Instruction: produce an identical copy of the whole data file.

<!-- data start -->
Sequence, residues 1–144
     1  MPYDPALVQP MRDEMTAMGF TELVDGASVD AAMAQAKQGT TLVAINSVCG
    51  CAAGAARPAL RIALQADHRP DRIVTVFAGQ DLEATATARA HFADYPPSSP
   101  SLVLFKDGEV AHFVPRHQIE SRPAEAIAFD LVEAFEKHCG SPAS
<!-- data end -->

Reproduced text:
Sequence, residues 1–144
     1  MPYDPALVQP MRDEMTAMGF TELVDGASVD AAMAQAKQGT TLVAINSVCG
    51  CAAGAARPAL RIALQADHRP DRIVTVFAGQ DLEATATARA HFADYPPSSP
   101  SLVLFKDGEV AHFVPRHQIE SRPAEAIAFD LVEAFEKHCG SPAS